Pure PocketDAB 1500 review

£68
Price when reviewed

It’s all too easy to see that Pure Digital has taken some pragmatic decisions – otherwise known as compromises – in the design of the PocketDAB 1500. It uses the exact same chassis as the PocketDAB 1000, which was released in the summer of 2003, with the only obvious cosmetic difference being a black front rather than silver.

Pure PocketDAB 1500 review

The shared chassis isn’t an entirely positive thing. The 1000 felt bulky when it was released, so three years later the 1500 feels even bulkier: at 20mm thick and 110mm tall, it will cause an unsightly bulge in any pocket. At 125g it’s much lighter than the 1000, though, and that’s purely due to the use of a lithium-ion battery rather than the trio of AA batteries required by its predecessor.

The trouble is, we that know the 1500 could have been redesigned to be two-thirds of its current size; the only reason it hasn’t, we suspect, is that Pure Digital already had a factory tooled and ready for the chassis; changing would bring an added, “unnecessary” cost. In fact, the lithium-ion battery is left with room to rattle about inside the battery area, a clear legacy of the 1000. And you can’t slip three AA batteries in if the lithium-ion unit runs out. It is removable though, so you could have a spare lined up.

Pure Digital includes a charger in the box, and it took five-and-a-half hours to charge the 1500 from empty. Over the course of two weeks it provided around 20 hours of airplay on a single charge – extremely good compared to the five hours we typically managed to wring from the PocketDAB 1000 on its three rechargeable NiCD batteries.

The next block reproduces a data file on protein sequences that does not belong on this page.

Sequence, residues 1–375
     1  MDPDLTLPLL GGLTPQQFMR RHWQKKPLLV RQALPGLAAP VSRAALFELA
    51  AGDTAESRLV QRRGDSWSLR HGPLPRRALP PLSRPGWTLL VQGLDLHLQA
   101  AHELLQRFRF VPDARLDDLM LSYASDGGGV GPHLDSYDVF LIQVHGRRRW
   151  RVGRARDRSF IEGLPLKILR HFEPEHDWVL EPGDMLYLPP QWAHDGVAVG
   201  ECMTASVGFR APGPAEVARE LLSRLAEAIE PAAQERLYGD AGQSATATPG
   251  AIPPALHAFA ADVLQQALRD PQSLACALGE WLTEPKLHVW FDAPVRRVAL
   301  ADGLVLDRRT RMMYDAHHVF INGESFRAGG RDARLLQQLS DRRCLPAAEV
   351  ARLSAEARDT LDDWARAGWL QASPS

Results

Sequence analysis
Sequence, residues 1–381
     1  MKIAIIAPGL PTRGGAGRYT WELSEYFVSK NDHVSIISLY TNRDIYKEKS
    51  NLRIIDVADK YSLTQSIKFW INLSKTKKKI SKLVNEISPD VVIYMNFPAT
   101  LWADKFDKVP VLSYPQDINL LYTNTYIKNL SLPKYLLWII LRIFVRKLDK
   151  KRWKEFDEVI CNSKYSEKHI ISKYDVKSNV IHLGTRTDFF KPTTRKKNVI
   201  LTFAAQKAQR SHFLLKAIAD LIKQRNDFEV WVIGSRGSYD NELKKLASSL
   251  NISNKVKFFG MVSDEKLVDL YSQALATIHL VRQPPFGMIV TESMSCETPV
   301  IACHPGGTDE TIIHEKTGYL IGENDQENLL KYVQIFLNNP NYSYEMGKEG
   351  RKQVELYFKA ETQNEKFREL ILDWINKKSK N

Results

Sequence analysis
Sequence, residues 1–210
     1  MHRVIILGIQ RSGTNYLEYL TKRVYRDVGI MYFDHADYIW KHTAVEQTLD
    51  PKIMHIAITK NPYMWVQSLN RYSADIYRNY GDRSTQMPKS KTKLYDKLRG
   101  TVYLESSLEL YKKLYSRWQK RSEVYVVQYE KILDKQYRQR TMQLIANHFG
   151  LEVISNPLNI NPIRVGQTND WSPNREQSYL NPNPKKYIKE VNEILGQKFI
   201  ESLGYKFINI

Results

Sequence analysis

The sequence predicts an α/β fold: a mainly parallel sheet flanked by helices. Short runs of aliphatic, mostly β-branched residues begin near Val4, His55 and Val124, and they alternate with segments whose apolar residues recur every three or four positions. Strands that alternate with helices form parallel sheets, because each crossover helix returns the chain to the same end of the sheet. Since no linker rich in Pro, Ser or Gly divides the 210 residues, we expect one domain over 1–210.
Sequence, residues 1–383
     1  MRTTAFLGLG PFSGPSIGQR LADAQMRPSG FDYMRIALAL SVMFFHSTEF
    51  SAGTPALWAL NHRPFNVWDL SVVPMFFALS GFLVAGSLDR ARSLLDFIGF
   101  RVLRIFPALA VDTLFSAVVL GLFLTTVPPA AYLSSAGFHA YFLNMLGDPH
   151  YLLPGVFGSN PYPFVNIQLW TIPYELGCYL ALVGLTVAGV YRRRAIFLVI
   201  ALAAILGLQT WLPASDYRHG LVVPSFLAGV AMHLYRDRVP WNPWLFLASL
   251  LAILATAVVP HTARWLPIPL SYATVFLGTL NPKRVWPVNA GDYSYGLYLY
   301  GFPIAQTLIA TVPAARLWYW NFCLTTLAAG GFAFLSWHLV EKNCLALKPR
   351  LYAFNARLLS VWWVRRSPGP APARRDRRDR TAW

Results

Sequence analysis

As it’s so similar to the 1000, we also expected similar reception – not necessarily a bad thing, as we’ve found the PocketDAB 1000 to be the best pocket digital radio for this. That said, as anyone who’s listened to digital radio on the train will know, it can be a nightmare – break-up of signal makes you quickly reach for the off switch. For instance, you’ll become acutely aware of walls and dense trees, as these often cause break-up of the signal or even shrieking. However, on repeated journeys from Marylebone, it was generally happy until the outskirts of Rickmansworth (occasional shrieks, but nothing appalling), but it became impossible to listen to once the tree cover became thicker.

Providing you’re in a good reception area – check your postcode at www.bbc.co.uk/digitalradio – then sound quality is fine. Against a quality CD player it’s disappointing, but compared to Radio 5 Live on Medium Wave, it’ll make you very happy indeed. The Sennheiser MX300 earphones are impressive quality for a set of bundled earphones, and are certainly good enough for listening to music or talk when on the move.

Unlike its predecessor you also now have the option of listening to FM radio – just press the DAB/FM shortcut button on the front – but it’s a final resort. In the office, we found reception was too poor, and when we were outside we always preferred to switch to DAB if at all possible.

Once switched on, the PocketDAB 1500 will scan for all the stations (make sure have the earphones plugged in, as these double up as the aerial), and then you’ve got ten preset channels to choose from. Otherwise you’ve got to cycle through the all the available stations; it found 31 in central London.

The other buttons simply cycle through menu options such as re-scanning for stations, or flicking through the various information streams (time and date, data rate, signal quality, plus the current programme description). There are three lines on the display, which is mono but backlit with an orange light; a hardly revelatory change from the PocketDAB 1000’s blue.

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